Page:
Safari Public Beta

Hailed by Apple as the turbo browser for OS X, and by Apple CEO Steve Jobs as three-times faster than Internet Explorer for Mac, not only does Safari download HTML faster than any other Mac browser, it also has excellent JavaScript support and launches in a flash.

After Jobs’ keynote announcement at Macworld Expo San Francisco, Apple’s Web site recorded 300,000 downloads of Safari in 24 hours, and Macworld UK’s Forum users were testing it out on our site within minutes of the keynote ending.

Safari is streamlined and simple. It looks sleek and clean, but it’s the integration and well-thought out arrangement of the typical browser features that makes the most impact. For example, instead of being at the base of the browser window, the progress bar is a translucent blue bar situated in the address field. To the right of that, also within the address window, is a new feature called SnapBack, which, when clicked, will instantly ‘Snap’ you back to the top level of a Web site of search-results page. The Web’s most popular search engine, Google, is conveniently integrated into a separate field to the right of the top browser bar – enabling you to search in Google directly from within the Safari browser interface.

One of the best thought-out and re-hashed features in Safari is the ease with which you can save and organize bookmarked Web sites. A fresh approach by Apple was to include the bookmark window with the same browser window using drag-&-drop to place the addresses for Web sites in folders or the menu bar.

Having gone back to the drawing board, Apple has triumphed by producing the best, most user-friendly bookmark system in any browser. Accessible either via a drop-down menu or from the toolbar in the browser windows, it’s easy to rearrange, change, delete and re-order new and existing bookmarks. Upon installation, Safari automatically imports Explorer favourites or Netscape bookmarks. Considering the number of Web sites a person can visit and want to re-visit in just one online session, Apple has identified and addressed one of the most irritating, fiddly, hassles of browsing. Rendezvous is used by Safari to find any Web addresses on a local network – for printers, routers and admin etc. It then plonks them conveniently in your bookmark folder too. The History folder keeps track of anywhere you’ve visited, so even a week later you can go back and bookmark a site.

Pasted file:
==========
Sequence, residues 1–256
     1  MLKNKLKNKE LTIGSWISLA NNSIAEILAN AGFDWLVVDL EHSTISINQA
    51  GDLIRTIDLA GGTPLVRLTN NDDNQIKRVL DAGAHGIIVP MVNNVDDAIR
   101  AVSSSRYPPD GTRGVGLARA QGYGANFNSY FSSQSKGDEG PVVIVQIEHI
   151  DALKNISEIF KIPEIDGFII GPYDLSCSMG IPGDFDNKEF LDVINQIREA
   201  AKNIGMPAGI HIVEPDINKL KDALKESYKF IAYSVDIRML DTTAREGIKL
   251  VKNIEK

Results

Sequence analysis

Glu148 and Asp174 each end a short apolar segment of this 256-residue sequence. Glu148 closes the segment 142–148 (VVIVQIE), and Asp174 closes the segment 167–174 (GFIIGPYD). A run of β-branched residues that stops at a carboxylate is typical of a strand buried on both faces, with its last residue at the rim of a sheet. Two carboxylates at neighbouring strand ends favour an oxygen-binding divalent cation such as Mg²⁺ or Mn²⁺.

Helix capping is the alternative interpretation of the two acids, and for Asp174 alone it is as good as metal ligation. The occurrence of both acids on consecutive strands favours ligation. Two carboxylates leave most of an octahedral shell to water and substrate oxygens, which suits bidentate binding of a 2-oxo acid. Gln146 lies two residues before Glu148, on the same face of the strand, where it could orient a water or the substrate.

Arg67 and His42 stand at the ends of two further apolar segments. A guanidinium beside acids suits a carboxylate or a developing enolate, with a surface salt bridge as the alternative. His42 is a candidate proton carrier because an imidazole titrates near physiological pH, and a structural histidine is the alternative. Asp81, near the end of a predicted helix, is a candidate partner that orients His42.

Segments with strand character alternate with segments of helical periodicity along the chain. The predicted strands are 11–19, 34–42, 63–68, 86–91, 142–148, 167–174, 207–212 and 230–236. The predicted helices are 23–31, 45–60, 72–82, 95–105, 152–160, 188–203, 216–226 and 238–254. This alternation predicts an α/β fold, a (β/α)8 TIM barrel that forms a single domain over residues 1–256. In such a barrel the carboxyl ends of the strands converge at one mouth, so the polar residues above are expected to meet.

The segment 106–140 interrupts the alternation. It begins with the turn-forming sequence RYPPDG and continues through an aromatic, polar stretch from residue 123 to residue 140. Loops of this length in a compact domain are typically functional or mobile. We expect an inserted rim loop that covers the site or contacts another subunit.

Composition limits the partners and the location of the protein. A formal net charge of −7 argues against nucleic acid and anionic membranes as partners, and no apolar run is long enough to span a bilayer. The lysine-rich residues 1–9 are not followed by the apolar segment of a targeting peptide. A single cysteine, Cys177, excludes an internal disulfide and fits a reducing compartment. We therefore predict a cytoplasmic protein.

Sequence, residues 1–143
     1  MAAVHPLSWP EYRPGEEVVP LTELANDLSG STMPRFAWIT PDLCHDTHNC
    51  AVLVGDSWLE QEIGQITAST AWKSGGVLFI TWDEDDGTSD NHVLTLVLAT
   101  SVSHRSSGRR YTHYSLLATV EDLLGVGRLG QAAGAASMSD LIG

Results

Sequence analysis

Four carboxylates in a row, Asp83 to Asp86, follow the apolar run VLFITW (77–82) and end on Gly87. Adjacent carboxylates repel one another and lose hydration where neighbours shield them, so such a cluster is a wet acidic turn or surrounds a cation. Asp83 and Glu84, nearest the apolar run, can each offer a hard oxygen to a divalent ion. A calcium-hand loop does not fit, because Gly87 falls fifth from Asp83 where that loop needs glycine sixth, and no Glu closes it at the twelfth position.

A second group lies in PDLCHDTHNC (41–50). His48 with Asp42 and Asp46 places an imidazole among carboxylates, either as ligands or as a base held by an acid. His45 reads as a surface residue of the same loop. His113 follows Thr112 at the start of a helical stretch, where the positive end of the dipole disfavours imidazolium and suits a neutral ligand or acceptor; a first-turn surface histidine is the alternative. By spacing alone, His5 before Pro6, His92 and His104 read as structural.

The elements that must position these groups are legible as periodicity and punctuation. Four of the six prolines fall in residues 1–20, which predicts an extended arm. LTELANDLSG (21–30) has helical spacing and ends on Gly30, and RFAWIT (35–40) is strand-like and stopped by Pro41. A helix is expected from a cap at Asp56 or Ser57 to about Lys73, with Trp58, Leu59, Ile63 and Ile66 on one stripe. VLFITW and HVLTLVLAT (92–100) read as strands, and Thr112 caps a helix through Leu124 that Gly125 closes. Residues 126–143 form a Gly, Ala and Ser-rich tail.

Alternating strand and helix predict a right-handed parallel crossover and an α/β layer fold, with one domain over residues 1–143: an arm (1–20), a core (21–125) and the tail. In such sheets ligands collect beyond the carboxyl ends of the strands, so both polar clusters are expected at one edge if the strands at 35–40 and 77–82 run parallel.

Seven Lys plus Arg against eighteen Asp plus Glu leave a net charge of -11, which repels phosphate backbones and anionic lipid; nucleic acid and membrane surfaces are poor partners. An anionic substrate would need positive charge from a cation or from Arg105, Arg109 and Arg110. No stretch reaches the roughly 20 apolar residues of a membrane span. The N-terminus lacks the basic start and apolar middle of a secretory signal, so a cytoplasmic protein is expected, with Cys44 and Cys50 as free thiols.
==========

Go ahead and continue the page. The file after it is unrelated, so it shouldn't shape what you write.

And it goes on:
Address Book integration and automatic handling of downloaded files, disk images and decompression is also a huge boon. Safari also tidies up after your downloads decompress by clearing your desktop of the extra files usually left behind, and it can automatically block pop-up ads.


The beta version of Safari is a free download with a small bug icon for informing Apple of hiccups and buggy scripts – such as unexpected quitting and certain user-preference settings not staying put. True XML support is not yet implemented, and due to Safari being built upon the Konquerer rendering engine, the same page display issues will preside. Initial reports on Mac Web sites report some font-size rendering issues. Simply click on the bug button and a window pops up including the URL you are currently at with another window in which to send notes and description of the problem to Apple. Being a beta version, there are going to be problems and omissions, such as the missing ability to open an image in a window and have the dimensions of the image show up in the title bar, and the absence of tabbed browsing.

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